Finance  ·  Analysis

Treasury Yields’ 16-Year High Holds Both Worry and Promise for Real Estate

It’s driving down asset values but also presenting investors with bargain prices

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Soaring 10-year Treasury yields might be wreaking havoc on the bond market, but its effect on commercial real estate values is no better. 

Days after the 10-year Treasury yields reached a 16-year high of 5 percent, a CBRE (CBRE) investment report concluded that increased yields on the benchmark Treasury bond have eroded investor confidence in commercial real estate and will contribute to lower values across all asset classes in 2024. 

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“Our econometric models indicate that the rise in the 10-year Treasury yield to 5 percent or more, if sustained, will raise cap rates and lower capital values for commercial real estate,” the CBRE report concluded. “The increase in the 10-year Treasury yield will raise the cost of capital and make banks more cautious of lending.” 

The 10-year Treasury yield, which is less well understood than the Federal Reserve‘s federal funds rate, sets the borrowing costs for critical aspects of the American economy: government debt, home mortgages, credit card and auto debt, corporate loans, and, of course, commercial real estate loans. 

CBRE’s report, authored by Richard Barkham, Darin Mellott and Carsten Raaum, forecasts value declines of 40 percent in 2024 for national office properties. It also predicts declines of 28 percent for multifamily, 23 percent for retail, and 10 percent for industrial.  

“We’ve probably seen a 30 percent drop in value already [in office],” Barkham, global chief economist at CBRE, told CO. “It’s going further, but that’s a market average, and it’s not true of the best-grade property. You probably got a spread between the best-grade property falling 20 percent and the poorer-grade property falling 50 to 60 percent.”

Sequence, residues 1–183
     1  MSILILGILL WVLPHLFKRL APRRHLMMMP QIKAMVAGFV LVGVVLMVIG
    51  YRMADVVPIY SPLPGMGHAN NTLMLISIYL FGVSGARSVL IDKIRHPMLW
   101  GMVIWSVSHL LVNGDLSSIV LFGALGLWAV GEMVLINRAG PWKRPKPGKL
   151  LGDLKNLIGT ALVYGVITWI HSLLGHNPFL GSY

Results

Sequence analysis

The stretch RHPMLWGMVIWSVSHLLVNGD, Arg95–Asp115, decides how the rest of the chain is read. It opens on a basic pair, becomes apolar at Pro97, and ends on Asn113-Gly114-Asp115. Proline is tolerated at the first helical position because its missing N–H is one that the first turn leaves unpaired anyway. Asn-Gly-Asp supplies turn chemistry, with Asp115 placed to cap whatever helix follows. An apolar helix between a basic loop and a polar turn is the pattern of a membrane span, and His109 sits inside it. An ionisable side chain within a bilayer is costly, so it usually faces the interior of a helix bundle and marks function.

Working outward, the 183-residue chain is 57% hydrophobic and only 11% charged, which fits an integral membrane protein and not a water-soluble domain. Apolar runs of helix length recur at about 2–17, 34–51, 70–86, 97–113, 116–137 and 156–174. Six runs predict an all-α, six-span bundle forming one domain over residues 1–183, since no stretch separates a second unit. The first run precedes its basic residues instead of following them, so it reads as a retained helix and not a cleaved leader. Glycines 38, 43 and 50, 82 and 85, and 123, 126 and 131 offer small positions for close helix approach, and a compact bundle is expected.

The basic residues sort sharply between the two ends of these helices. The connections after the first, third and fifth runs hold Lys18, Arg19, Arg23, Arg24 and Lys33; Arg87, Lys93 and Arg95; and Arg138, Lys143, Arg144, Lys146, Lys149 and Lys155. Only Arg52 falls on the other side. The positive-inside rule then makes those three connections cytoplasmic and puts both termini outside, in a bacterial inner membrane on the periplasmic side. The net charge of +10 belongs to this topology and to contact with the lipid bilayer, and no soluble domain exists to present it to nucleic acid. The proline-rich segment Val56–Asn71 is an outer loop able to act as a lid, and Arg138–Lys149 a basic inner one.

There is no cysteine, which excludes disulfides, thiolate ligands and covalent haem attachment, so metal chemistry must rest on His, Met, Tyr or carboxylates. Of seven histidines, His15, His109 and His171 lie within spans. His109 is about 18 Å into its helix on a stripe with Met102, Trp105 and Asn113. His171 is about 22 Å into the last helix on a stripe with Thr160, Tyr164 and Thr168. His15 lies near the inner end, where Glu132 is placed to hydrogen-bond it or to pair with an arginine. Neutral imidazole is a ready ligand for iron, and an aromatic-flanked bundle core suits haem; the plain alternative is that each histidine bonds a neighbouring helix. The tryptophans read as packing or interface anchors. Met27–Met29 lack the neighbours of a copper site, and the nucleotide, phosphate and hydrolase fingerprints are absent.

Overall, CBRE lowered growth expectations for commercial real estate investment volumes next year to minus 5 percent from plus 15 percent as previously forecast. 

Commercial real estate values are uniquely tied to the 10-year Treasury due to the quasi-fixed-income nature of real estate investment and because investors seek rates higher than the 10-year Treasury yield. This requires spreads of around 200 to 300 basis points higher than a Treasury note, so, when Treasury yields increase to 5 percent, it pushes cap rates (the potential return investors make on properties) higher, as well. Higher cap rates translate into falling CRE property values, and vice versa, a process known as cap-rate expansion (and, inversely, cap-rate compression).  

“We’ve already seen a 20 percent drop in prices over the last year or so,” explained Barkham. “The spike in the 10-year Treasury threatened another 5 to 10 percent drop in prices. It means the process of price discovery stretches longer, it takes longer for investors to reset their expectations, and it means investment transactions are slow.”  

As for the reasons behind the sudden increase of 10-Year Treasury yields, Barkham argued that the phenomena has multiple causes — some intertwined, others more stand-alone. 

September national jobs reports and payroll data have confirmed that unemployment remains historically low and wages are steady, if not increasing. Moreover, the gross domestic product grew at a 5 percent clip in the third quarter of 2023.